The death of a nobleman in 17th-century Germany was an event that warranted the highest level of attention. When Prince Heinrich der Jüngere died in 1635, celebrated composer and organist Heinrich Schütz was entrusted with composing the music to accompany religious texts personally selected by the devout prince the year before. This rather macabre set of instructions resulted in some of the composer’s most beautiful and haunting music, the Musikalische Exequien, and Schütz even structured the composition around the textual design of the prince’s coffin, which was to be decorated with biblical verse. Taking the form of a German-language Kyrie and Gloria, the words ‘Christe eleison’ – the very heart of the composition’s text, representing Christ’s resurrection – not only represent the symbolic point at which the lid and case of the prince’s coffin joined, but also the climax of Schütz’s music. The more joyful aspects of the prince’s passing were also celebrated by the innovative composer, who positioned a separate small choir ‘in die Ferne geordnet’ – ‘set up in the distance’ – to represent heavenly angels welcoming the prince’s soul to paradise.
Also sung at the service were a number of chorales, and those of Michael Praetorius, typical of the time, could well have been among them. Included on this release too is music by Johann Hermann Schein, a friend of Schütz and a gifted composer in his own right. Schein had composed Threnus on the death of Dorothea Maria of Saxony in 1617. In 1630, when Schein himself lay dying, he asked Schütz to compose a burial motet in his honour: ‘Das ist je gewißlich wahr’, a work that beautifully complements the other motets on this release. Demantius, the last composer to be featured here, was no stranger to death, outliving almost all of his children, a hardship which perhaps inspired his two Threnodiae. Death was certainly never far away in 17th-century Germany, and the losses, whether of an admired patron or far more personal, certainly inspired some of the most touching and eloquent music of the period. The works are performed by the Schütz-Akademie, an ensemble that was founded in 1991 with the support of the Heinrich Schütz Haus in Bad-Köstritz, leading their performances to be extensively grounded in historical research.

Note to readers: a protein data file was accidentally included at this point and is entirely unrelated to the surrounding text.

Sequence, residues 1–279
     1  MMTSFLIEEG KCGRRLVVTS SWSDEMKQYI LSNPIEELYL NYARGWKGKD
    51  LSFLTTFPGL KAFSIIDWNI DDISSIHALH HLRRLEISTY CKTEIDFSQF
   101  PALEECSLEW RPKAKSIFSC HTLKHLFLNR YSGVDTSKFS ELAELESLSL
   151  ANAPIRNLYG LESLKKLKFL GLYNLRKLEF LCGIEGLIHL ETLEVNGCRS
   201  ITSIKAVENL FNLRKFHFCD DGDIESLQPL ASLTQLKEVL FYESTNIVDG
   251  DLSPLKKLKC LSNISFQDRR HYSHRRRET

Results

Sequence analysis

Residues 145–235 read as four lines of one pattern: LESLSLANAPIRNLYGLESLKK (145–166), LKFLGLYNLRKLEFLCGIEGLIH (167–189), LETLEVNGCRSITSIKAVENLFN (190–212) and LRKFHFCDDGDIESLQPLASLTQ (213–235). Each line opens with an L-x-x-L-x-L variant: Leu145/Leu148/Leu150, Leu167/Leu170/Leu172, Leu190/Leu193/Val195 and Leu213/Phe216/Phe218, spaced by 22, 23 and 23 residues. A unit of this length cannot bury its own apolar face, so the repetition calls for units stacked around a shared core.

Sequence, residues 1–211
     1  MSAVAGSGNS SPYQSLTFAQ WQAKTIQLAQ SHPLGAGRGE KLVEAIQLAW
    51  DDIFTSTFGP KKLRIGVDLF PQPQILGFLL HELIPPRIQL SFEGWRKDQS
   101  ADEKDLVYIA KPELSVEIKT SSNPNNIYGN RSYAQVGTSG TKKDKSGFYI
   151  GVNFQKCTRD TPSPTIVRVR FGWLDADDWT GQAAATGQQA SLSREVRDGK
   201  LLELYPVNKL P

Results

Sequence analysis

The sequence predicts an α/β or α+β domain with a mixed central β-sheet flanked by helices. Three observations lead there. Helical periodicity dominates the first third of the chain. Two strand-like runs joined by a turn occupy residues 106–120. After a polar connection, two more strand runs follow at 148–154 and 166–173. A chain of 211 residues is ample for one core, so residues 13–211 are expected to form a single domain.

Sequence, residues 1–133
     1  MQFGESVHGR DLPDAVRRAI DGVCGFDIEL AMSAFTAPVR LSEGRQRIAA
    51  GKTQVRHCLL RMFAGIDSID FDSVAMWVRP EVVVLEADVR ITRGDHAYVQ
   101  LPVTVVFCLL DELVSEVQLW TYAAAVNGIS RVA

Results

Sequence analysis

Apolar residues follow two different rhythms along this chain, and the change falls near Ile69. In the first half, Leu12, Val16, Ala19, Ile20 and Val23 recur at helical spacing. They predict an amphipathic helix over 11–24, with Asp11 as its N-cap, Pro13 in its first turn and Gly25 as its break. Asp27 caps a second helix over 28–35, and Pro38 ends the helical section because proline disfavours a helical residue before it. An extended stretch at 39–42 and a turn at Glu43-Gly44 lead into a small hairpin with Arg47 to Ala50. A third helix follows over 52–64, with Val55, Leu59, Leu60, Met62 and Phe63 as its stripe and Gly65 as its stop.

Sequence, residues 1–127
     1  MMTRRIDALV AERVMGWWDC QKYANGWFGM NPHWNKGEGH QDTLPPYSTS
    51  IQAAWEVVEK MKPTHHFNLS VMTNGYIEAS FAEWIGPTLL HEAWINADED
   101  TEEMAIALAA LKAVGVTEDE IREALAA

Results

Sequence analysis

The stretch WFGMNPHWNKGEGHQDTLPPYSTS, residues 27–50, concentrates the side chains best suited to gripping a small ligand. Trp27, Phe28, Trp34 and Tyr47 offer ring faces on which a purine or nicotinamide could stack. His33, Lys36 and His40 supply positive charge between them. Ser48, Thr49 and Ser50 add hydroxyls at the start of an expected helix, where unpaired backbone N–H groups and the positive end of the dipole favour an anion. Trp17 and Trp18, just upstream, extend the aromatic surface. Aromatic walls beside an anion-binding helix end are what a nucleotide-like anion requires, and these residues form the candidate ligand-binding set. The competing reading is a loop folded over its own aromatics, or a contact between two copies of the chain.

This CD brings together 17th century vocal works in which death and burial play a central role, the agony, the penitence and the consolation of the hereafter. Reformation composers didn’t write Requiem Masses for the dead, but they commemorate their beloved deceased in smaller forms of a vocal ensemble accompanied by an instrument group of violin, theorbo and organ.
The selection include works by Heinrich Schütz, Michael Praetorius, Johann Hermann Schein, and Johannes Demantius, music of poignant beauty, devotion and consolation.
Beautiful performances by the Schütz-Akademie, recorded in the intimate atmosphere of the Salvator Church in Gera.
Recording from 1992, licensed from Berlin Classics.
Sung texts available at www.brilliantclassics.com
Recorded in Germany in 1992.
Contains notes on the works in both German and English written by Howard Arman.